1971 Ford Mustang Mach 1 - Lois' Legacy
You May Remember Lois Eminger As The "Invoice Lady," But She Also Had A Thing For Dusk Rose Fords, Including A Specially Painted '71 Mach 1
It isn't every day that you see a Dusk Rose Mustang of any kind, let alone a '71 Mach 1. However, this isn't just any pink Mach 1. It was originally owned by the late Lois Eminger, who many readers will recognize as the Ford employee who saved Mustang invoices from the incinerator and made copies available to Mustang owners worldwide. During the 1980s, "Eminger invoices" became part of the Mustang vernacular.
Lois' passion for Dusk Rose came from her love of '55-'57 Thunderbirds, which were available in the pink hue. In 1957, Lois, a secretary in Ford's legal department, and her husband, Wynn, a Ford engineer, bought a new Dusk Rose '57 Thunderbird, a Ford executive program car with all the options. It was a gorgeous automobile that Lois would keep for the rest of her life.
Lois didn't realize it then, but her involvement in the car hobby was only beginning. She would eventually become involved in the founding of Classic Thunderbird Club International. Through her ties at Ford's legal department, she had access to Thunderbird factory invoices, which she shared with '55-'57 Thunderbird owners. Before the two-seater Thunderbirds were even ten years old, owners were coming to Lois to see what they could learn about their cars.
Unfortunately, at the time, Lois didn't realize that '65-'66 Mustang invoices would become just as coveted, so she didn't think to save them from the incinerator. Later, however, Lois would manage to obtain some of the '69 and later Mustang invoices. Today, Marti Auto Works has the surviving invoices ('69-'73 and '79-'86, depending on assembly plant) and makes them available to Mustang owners through the www.martiauto.com website.
Lois' love of Dusk Rose became an integral part of her persona. There would be a new '67 Mustang convertible in Dusk Rose. By 1971, Ford was no longer offering Dusk Rose. But Lois wanted a new Mach 1 because she'd heard that powerful V-8s were on their way out.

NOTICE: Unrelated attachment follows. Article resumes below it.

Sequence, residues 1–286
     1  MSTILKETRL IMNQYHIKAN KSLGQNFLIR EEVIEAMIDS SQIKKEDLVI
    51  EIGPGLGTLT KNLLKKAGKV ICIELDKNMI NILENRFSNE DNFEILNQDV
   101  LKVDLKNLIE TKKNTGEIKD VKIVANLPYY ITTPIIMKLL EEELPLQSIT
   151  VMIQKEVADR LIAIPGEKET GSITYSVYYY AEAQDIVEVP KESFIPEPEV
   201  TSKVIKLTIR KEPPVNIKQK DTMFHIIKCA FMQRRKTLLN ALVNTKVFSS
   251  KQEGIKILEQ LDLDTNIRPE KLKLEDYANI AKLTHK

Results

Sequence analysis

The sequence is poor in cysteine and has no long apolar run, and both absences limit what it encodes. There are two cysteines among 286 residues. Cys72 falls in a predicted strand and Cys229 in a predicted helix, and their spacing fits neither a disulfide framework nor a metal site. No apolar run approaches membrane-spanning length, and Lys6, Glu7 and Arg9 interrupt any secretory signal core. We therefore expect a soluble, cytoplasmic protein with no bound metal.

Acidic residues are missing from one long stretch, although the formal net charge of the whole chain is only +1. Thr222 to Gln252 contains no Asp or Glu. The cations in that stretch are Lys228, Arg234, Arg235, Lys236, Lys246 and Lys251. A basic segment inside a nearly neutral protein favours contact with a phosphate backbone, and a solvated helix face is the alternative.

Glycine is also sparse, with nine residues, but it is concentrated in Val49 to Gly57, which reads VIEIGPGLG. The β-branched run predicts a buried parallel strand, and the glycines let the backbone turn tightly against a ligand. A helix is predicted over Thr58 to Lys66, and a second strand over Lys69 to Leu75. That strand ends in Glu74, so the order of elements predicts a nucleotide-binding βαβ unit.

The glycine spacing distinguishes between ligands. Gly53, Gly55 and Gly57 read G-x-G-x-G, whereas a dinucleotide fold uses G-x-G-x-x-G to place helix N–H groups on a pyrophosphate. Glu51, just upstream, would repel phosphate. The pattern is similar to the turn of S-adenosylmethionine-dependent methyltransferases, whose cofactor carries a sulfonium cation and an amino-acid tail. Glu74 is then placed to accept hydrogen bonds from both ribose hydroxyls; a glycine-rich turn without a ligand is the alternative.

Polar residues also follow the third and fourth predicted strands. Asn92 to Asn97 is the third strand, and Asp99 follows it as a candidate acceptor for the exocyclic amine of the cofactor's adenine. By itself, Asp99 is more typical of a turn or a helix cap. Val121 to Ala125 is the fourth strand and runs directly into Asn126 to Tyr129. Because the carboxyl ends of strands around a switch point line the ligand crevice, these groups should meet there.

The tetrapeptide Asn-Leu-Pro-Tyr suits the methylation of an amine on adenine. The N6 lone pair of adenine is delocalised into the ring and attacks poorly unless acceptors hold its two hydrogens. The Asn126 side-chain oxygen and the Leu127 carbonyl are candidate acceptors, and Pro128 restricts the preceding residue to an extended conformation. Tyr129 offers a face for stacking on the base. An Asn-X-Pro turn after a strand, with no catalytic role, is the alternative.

When Lois' Mach 1 rolled off the car carrier at Floyd Rice Ford in Detroit, it was white with black graphics and well-appointed with 351 Cobra Jet, C6 transmission, 3.50:1 gears, black Sports Interior Group, Sport Deck rear seat, power windows, rear window electric defogger, tinted glass, and Sports wheel covers with F70 x 14 biased belted tires. Sticker price out the door was $3,623.69.
When Lois brought her Mach 1 home in June of 1971, she couldn't escape noticing its odd duck status in a garage full of Dusk Rose Fords. So before ever really driving her Mach 1, she turned it over to Paul's Body & Fender in Moneca, Pennsylvania, where the SportsRoof received a Dusk Rose makeover. Paul removed all the trim work, taillights, fenders, grille, and door hardware to get this paintjob just like Dearborn would have done it. At first glance, it looks like factory paint with just the right amount of orange peel and the black Mach 1 hockey stick stripes positioned exactly where they belong.
When Lois passed away in 2008, her son, Paul, was determined to maintain her legacy and decided to freshen up her Mach 1 time capsule. "The Mach 1 was painted Dusk Rose to become a garage partner to her '57 Thunderbird and '67 Mustang convertible," Paul comments. "I gave her Mustang convertible to my son, John, who lives here in Spokane, Washington."
With some emotion, Paul said, "The last time her Mach 1 was driven was in 1996 to a Thunderbird meet in Bend, Oregon. It was never driven again." This year, Paul decided it was time to haul the Mach 1 out and get it to Bellevue, Washington, for the annual Mustangs Northwest Round-Up. It was a terrific coming out party for two of Lois' Dusk Rose Mustangs-the '67 convertible and this Mach 1.
When Lois took delivery of the Mach 1 nearly 40 years ago, it didn't have the NACA-scooped hood, so Lois ordered a scooped hood and had it painted, but never had it installed. Earlier this year, Paul had the Dusk Rose NACA hood installed on the car. Another lament by Lois was the absence of a console and full instrumentation. That's when Paul contacted Perogie Enterprises and ordered these items to complete Lois' dream.
Paul says getting the Mach 1 show ready was not easy despite being garaged all these years. What made preparation especially difficult was all the Texaco undercoating applied back in September of 1972 to protect the car from rough Michigan winters. Using kerosene and elbow grease, Paul removed all of the petroleum-based undercoat, which got the car back to the way it was at Floyd Rice Ford.
At Bellevue, Paul and his wife, Kendall, showed Lois' Mach 1 in the Mustang Club of America's "Occasional Driver" class, a great tribute for an extraordinary lady that Thunderbird and Mustang enthusiasts continue to miss.